Sometimes I find art made out of food quite distressing. When I see those strange, misshapen sculptures that are entered into competitions at agricultural fairs around the country I mourn the waste. I think this reaction has much to do with the fact that said sculptures are usually half decomposed by the third day of the show, at which point I think of the poor sod who has to scrape the fetid, liquefying remains of vegetable carcasses from the cabinets in which they’re displayed.
Such thoughts were far from my mind when I opened an email from a friend that directed me to the website of the UK Telegraph and an article that show-cased the work of photographer Carl Warner.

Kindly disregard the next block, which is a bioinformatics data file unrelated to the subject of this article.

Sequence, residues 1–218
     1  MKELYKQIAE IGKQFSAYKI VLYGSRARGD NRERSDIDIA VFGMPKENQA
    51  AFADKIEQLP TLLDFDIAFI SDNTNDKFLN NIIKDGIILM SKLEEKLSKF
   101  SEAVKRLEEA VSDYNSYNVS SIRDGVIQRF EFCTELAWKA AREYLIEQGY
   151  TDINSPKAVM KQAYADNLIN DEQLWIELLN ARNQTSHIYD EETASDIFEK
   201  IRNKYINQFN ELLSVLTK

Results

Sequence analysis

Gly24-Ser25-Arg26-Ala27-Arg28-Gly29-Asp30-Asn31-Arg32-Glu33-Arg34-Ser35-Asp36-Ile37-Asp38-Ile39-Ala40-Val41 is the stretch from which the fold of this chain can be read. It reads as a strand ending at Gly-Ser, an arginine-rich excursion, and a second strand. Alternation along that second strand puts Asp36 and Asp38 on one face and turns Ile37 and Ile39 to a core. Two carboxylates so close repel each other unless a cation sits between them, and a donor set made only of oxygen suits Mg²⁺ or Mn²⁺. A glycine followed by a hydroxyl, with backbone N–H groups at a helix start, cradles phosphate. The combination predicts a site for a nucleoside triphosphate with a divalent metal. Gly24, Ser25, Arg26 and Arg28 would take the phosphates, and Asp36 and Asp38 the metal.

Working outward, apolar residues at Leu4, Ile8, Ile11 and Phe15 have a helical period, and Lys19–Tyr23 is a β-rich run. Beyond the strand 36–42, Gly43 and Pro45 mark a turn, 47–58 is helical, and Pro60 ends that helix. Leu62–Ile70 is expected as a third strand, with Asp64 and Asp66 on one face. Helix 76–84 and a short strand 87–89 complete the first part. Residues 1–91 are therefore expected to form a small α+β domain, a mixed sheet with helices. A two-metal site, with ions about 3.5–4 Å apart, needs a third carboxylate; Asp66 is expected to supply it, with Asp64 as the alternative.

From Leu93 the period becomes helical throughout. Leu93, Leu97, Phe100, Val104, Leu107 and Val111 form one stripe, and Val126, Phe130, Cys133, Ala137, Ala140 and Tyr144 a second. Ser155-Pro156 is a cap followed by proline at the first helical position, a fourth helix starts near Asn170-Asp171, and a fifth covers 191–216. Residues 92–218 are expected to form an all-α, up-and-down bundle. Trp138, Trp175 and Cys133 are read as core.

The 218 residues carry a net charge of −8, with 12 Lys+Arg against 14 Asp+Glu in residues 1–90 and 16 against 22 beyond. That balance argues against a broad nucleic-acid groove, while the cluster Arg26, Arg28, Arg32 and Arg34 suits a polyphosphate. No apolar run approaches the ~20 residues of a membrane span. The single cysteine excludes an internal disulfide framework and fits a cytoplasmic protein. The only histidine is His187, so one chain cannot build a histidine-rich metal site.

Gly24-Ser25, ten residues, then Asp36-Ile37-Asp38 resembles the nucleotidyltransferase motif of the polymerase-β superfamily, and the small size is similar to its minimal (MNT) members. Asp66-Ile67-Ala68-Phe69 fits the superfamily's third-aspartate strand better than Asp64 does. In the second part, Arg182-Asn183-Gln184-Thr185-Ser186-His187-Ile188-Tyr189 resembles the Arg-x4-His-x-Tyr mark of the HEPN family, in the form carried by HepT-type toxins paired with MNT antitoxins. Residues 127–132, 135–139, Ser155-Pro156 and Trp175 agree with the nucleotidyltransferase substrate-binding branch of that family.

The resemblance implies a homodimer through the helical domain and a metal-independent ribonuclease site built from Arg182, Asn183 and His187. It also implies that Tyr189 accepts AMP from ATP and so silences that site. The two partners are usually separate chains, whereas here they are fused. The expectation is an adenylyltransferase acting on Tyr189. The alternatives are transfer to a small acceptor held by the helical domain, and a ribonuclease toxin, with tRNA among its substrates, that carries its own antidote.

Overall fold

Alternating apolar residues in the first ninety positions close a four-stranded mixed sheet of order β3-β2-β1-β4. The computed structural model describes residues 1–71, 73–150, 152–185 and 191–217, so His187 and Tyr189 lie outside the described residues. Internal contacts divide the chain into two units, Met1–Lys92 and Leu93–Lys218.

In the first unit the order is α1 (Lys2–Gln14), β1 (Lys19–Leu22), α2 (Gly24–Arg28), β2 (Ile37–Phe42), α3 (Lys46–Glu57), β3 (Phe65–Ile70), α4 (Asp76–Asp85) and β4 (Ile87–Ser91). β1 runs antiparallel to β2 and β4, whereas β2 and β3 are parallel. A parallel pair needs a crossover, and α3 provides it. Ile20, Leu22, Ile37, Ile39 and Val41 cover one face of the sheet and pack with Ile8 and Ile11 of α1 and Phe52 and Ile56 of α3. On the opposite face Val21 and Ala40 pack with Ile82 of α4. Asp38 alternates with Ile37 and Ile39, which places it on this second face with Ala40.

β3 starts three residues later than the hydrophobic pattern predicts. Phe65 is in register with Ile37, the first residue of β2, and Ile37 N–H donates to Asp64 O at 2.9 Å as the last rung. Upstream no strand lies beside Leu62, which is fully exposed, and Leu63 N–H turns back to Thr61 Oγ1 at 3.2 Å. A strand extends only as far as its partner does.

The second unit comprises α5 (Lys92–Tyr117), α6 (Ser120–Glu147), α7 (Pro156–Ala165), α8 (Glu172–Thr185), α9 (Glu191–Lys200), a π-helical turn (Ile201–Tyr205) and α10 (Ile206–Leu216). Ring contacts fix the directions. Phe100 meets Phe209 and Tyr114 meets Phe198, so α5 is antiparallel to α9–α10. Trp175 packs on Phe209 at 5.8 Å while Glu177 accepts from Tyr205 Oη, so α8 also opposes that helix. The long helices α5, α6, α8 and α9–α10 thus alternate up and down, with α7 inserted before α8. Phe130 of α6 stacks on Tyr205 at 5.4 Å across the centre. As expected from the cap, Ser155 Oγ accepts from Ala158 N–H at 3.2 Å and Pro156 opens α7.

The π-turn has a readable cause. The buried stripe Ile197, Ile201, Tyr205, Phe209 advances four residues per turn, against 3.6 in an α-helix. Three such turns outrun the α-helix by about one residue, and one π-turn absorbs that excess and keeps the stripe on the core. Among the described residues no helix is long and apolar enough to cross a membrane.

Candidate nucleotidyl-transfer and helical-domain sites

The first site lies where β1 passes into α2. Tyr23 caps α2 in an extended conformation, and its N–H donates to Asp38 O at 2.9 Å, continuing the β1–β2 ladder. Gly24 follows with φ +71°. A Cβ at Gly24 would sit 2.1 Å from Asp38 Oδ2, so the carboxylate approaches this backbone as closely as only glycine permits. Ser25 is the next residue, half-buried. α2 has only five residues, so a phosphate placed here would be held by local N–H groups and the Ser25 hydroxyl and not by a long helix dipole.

Warner composes foodscapes and photographs them quite beautifully, as the image composed of purple cabbage above attests. In the article there is some mention of the ill effects of hot lights on food, and, despite claims to the contrary, I’m not entirely convinced there’s much left over that’s edible after the obvious manipulations of supergluing and pinning. Still, since I can’t either see or smell any signs of decomposition in the images featured in the article, well, that leaves me to concentrate on the artistry of the sculpture and photography itself, which, you must admit, is quite spectacular.